Keeping your Dog Safe on Walks

Why hello there Planned Property residents! One thing many urban dog owners often bemoan is the lack of grass our pets have to relieve themselves on in the city. Some patches and gardens have “No Pets Allowed” signs. Some of us ignore them; thinking it’s just a sign to keep our fur babies out. While some “keep out” signs might just be a request for dogs not to trample some decorative flowers, pet owners should be cautious, some dangerous chemicals might be hiding in those pretty decorative areas.
Researchers from Purdue University conducted a 2013 study where it was found that there was a potential link between canine bladder cancer and exposure to herbicides used to kill common weeds in lawns and gardens. 2,4-dichlorophenoxyacetic acid is commonly used to treat lawns. Exposure to this increases a dog’s likelihood of developing canine malignant lymphoma.

With fall around the corner, many apartment and condo landscape managers will use snail bait to keep out snails and slugs. A common active ingredient in snail bait is metaldehyde, which is often attractive to dogs. Snail bait is used in different forms, including: pellets, liquids, pelleted baits, wettable powders, and granules. It is highly toxic to dogs, and causes: blindness, excessive salivation, seizures, and sudden death.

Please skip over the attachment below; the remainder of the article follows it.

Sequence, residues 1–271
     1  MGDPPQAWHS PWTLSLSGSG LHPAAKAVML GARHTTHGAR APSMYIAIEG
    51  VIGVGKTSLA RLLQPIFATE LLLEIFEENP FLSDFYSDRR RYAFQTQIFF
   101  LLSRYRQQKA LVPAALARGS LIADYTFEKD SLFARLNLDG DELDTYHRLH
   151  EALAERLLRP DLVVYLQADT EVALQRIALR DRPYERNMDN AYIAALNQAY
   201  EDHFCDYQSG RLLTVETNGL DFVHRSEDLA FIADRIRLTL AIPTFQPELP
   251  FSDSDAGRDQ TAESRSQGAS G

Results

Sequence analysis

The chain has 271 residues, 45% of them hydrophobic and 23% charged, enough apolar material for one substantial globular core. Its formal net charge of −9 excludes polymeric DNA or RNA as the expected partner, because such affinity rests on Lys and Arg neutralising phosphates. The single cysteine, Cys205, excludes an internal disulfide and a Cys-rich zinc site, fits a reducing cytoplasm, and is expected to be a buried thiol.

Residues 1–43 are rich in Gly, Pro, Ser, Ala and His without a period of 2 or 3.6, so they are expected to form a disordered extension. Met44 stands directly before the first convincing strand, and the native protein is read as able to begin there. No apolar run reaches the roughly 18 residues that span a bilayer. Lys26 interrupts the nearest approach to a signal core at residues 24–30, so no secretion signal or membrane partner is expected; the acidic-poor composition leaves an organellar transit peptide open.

Organophosphates and carbamates are insecticides that can result in severe poisoning to dogs and cats. They are being used less and less yearly, however, some gardeners and landscape artists still utilize them. These insecticides are often mixed into other fertilizers or herbicides, and are commonly used by rose and flower gardeners. When organophosphates and carbamates are accidentally ingested by pets, signs owners can look out for include: salivation, lacrimation, urination, defecation, hypothermia or hyperthermia, difficulty breathing, tremors, seizures, and death.
Pesticides and herbicides that are specifically toxic to dogs include:

• Avermectin B1: A
o Used for fire ants
 Causing lethargy and tremors
• Allethrin
o Used on flies and mosquitoes
 Linked with liver cancer
• Bendiocarb
o Used to control cockroaches, ants, fleas, and crickets
 Causes: muscle tremors, chest discomfort, and excessive salivation
• DCPA
o Used in lawns and gardens
 Adverse effects in the liver of dogs
• Benomyl
o Fungicide
 Possible carcinogen and a reproductive toxin
Rodentcides for dog owners to be cautious of in both gardens, lawns, and alleys include:
• Warfarin
o Internal bleeding, reproductive toxin.
• Difenacoum and Brodifacoum
o Anti-coagulants and are both acutely toxic.
If you suspect your dog has ingested a poison, please call your vet, the Pet Poison Hotline (800-213-6680) or to your local pet emergency room. For PPM residents, the closest emergency room is located at 3123 N. Clybourn Avenue, Chicago, IL 60618 and their phone number is 773-281-7110.

We at PPM wish you and your dog long, healthy walks and to be cautious of anything hiding in gardens, flowers, and alleyways.

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